Academic journal article Journal of Law and Education

When School Management Companies Fail: Righting Educational Wrongs

Academic journal article Journal of Law and Education

When School Management Companies Fail: Righting Educational Wrongs

Article excerpt


Increasing disaffection with American public education has spurred the rise of for-profit school management corporations that are acquiring pieces of the public education pie in two major ways. First, state departments of education or public school districts, acting under various "empowerment acts," contract with them to take over the operation of failing districts, or, second, they either obtain charters to operate public charter schools or subcontract to provide educational services to nonprofit companies that obtain such charters. In both cases, public money supports the privately operated "public" schools and goes into the coffers of the for-profit school management corporations.

Oversight and monitoring the delivery of educational services in school districts handed over to private management companies or in public charter schools operated by such private companies is problematic. Several districts have revoked contracts with school management companies when student scores on standardized tests failed to demonstrate significant improvement over a period of two or three years. "Turning around" a failing school or school district, however, can be a slow process under the best management. Conversely, leaving an ineffective school management company in control for an extended period of time may deprive students of educational opportunities that they cannot recoup.

Merely revoking a contract does not remedy damages incurred under the contract. Although an extensive literature detailing the rise of public charter schools has developed, few commentators helpfully address the possible causes of action or the remedies available to students disadvantaged by attending schools managed by or subcontracted to for-profit school management corporations. Such remedies are the focus of this paper.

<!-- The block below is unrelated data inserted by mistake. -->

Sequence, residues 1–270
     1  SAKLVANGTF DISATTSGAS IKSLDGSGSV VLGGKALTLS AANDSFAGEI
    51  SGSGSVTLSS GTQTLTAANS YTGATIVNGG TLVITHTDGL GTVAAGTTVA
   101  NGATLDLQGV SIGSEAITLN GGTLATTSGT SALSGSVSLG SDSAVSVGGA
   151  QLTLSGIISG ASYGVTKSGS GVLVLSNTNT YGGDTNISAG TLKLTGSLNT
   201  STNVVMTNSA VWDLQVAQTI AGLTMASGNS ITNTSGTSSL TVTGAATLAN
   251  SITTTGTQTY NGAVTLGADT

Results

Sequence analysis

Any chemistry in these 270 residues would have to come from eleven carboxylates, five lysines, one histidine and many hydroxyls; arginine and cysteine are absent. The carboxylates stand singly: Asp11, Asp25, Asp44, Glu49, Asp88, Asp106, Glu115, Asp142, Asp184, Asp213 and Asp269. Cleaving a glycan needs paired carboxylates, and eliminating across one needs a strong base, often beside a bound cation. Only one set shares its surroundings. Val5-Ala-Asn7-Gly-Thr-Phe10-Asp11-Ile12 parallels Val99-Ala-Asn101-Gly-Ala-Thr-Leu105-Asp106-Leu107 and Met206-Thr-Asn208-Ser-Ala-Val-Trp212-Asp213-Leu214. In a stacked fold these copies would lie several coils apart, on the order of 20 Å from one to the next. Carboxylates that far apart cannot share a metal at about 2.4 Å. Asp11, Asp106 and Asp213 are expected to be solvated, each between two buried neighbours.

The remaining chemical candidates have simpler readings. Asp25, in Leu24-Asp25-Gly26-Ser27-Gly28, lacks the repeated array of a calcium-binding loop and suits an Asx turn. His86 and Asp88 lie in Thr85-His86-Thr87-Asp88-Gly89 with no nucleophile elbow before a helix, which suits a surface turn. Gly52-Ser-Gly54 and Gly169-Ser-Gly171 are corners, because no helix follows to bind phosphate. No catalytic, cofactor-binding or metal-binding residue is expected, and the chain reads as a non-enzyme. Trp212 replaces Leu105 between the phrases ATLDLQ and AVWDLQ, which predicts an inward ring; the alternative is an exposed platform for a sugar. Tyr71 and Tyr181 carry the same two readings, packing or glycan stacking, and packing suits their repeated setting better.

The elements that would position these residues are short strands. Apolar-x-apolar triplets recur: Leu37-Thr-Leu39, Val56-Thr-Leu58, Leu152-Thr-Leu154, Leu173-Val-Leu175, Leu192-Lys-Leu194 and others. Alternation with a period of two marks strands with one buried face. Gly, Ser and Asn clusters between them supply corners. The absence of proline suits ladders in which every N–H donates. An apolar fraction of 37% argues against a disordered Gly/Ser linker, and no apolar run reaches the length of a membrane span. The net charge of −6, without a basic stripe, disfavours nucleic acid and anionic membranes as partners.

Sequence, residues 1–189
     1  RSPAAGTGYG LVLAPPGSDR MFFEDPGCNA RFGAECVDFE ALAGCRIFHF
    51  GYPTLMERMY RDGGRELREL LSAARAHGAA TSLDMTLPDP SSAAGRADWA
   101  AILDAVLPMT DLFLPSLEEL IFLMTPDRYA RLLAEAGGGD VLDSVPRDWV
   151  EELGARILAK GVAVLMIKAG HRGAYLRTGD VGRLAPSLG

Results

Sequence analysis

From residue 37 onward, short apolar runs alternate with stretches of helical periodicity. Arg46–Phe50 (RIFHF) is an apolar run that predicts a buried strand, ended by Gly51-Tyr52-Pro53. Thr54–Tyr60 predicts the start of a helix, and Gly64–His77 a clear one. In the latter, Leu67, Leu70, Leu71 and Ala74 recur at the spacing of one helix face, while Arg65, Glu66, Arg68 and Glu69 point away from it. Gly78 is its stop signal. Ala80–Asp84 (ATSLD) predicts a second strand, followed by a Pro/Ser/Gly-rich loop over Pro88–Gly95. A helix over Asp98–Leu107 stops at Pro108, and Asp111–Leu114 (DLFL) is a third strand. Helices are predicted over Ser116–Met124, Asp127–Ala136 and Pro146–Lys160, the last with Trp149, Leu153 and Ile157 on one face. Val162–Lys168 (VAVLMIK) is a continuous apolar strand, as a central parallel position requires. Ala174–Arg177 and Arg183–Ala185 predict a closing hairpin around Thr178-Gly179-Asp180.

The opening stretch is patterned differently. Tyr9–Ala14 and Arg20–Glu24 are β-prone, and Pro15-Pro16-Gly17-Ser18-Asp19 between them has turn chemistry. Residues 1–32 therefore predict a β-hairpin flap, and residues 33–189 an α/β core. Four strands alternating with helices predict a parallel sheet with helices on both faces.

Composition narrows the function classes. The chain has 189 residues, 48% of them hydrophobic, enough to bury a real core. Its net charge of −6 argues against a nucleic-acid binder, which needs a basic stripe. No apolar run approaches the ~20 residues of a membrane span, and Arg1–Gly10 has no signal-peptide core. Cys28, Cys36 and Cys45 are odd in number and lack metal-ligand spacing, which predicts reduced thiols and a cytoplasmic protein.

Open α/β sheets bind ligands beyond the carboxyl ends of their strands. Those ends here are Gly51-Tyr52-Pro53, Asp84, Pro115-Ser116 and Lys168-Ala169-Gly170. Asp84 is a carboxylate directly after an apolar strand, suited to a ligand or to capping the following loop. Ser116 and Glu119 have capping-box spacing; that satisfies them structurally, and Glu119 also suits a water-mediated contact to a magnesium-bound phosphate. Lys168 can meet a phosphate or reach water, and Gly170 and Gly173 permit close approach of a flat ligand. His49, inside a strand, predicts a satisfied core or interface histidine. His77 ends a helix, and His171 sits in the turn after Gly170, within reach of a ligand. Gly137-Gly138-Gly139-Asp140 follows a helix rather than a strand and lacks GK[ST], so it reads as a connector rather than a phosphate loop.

Part I reviews the traditional system of public education in the United States, with control of educational decision-making in the hands of the individual states, and discusses the rise of school management corporations and how they acquire control of schools and school districts. Since many state charter school laws grant charters exclusively to nonprofit corporations, Part II examines the differences between nonprofit and for-profit corporations, especially with regard to the fiduciary duties of their managers and the differences in accountability to those who subsidize the companies. A nonprofit school management corporation generally exercises control over a single community school with a specific educational mission; the directors of these nonprofit corporations typically work closely with parents of school students, and are, therefore, more visible and accountable to stakeholders than their counterparts in for-profit companies. For-profit school management corporations generally pursue wider operational scope in order to realize profitability from economies of scale; directors are more autonomous and may even be invisible to stakeholders. Even with nonprofit corporations nominally in control of charter schools, however, the potential for significant abuse still exists when they subcontract educational services to for-profit corporations. Part II also briefly examines the conflict between for-profit school management and the education of students inherent in the shareholder wealth maximization principle of traditional corporate governance, and reviews the failure of "other constituency" statutes to resolve the conflict.

Part III examines indicators of school performance and discusses the standards of accountability available for judging the performance of school management companies. Part III also offers an evaluation of the largest for-profit school management company, Edison Schools, Inc.

Part IV reviews the alternative causes of action suggested by commentators to facilitate redress of educational wrongs to students committed in the charter schools and takeover contexts. …

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